Researchers at The National Institute of Complementary Medicine at Western Sydney University in Australia conducted a study to compare the efficacy of manual acupuncture and electro-acupuncture, at two timing intervals, for the treatment of primary dysmenorrhea. The researchers found that, in all cases, acupuncture leads to a significant reduction in the intensity and duration of menstrual pain after three months of treatment, and the results were sustained one year after trial entry.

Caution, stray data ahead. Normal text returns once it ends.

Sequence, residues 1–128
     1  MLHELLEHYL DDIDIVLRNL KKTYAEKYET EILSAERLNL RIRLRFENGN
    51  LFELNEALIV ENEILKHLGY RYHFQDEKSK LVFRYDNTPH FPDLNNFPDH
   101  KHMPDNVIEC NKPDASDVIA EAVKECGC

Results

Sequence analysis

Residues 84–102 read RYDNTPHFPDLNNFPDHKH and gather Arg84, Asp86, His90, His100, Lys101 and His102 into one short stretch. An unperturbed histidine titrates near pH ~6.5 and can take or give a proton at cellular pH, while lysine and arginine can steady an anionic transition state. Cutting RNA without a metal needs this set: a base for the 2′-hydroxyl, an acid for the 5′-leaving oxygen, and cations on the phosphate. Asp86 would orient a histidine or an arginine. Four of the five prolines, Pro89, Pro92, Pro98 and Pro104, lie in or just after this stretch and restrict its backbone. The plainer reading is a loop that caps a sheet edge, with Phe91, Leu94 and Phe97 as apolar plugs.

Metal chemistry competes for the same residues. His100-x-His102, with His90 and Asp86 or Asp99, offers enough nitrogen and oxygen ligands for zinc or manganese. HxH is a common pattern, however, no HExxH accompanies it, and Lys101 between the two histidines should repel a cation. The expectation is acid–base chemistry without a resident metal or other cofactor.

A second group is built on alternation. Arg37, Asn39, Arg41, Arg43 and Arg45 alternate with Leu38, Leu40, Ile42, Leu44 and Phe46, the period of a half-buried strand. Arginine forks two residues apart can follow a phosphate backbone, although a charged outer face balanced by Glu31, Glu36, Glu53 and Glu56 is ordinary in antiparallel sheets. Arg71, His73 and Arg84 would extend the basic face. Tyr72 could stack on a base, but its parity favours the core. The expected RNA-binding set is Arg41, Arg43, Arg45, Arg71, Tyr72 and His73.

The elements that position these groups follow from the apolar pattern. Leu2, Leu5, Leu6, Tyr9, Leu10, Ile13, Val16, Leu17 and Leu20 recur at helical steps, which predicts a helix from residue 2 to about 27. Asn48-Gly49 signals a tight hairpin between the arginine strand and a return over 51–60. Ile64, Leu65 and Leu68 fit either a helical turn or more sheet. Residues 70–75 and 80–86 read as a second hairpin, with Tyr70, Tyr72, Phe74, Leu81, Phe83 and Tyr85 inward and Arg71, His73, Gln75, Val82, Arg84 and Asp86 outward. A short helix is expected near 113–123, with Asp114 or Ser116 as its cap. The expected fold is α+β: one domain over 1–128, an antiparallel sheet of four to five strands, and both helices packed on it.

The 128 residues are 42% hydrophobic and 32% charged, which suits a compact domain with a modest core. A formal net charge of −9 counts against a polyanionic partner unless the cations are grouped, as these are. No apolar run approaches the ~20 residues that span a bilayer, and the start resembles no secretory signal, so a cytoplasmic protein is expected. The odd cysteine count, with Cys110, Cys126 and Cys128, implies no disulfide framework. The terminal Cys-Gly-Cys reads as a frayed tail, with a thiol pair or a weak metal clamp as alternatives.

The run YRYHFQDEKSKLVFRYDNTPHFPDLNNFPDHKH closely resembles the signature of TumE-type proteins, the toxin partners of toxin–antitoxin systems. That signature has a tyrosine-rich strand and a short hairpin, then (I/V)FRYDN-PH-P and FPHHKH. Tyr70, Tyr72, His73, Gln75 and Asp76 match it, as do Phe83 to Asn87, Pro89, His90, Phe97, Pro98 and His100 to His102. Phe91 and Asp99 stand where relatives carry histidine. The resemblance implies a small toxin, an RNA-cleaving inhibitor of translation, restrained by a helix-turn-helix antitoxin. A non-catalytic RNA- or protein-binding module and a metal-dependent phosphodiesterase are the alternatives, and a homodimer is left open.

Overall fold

The primary outcome of this study was the decrease in peak menstrual pain one year after trial entry. All groups showed a significant reduction in peak pain and duration of pain over time, and neither the mode nor frequency of treatment showed a stronger effect by the one-year follow-up. However, manual acupuncture provided more immediate pain reduction. “The proportion of responders with clinically significant pain reduction of 30% in their peak pain was highest in the high frequency- manual acupuncture group across all three days (55%, 60% and 61% of women respectively) and over a third of women in this group had a 70% reduction in their peak pain. Almost three-quarters (72%) of the women in the high frequency- manual acupuncture group had a clinically significant 30% reduction in their average pain, with 69% of the low frequency- manual acupuncture group, 61% of the low frequency- manual acupuncture group and the 47% of the high frequency- electro acupuncture group achieving this reduction. Almost 60% of the low frequency- manual acupuncture group and 55% of the high frequency- manual acupuncture group had a 50% reduction in average pain from baseline to one-month follow-up. The electro-acupuncture groups had lower scores, with 42% and 33% of the high frequency-electro acupuncture and low frequency- electro acupuncture groups achieving a 50% reduction.”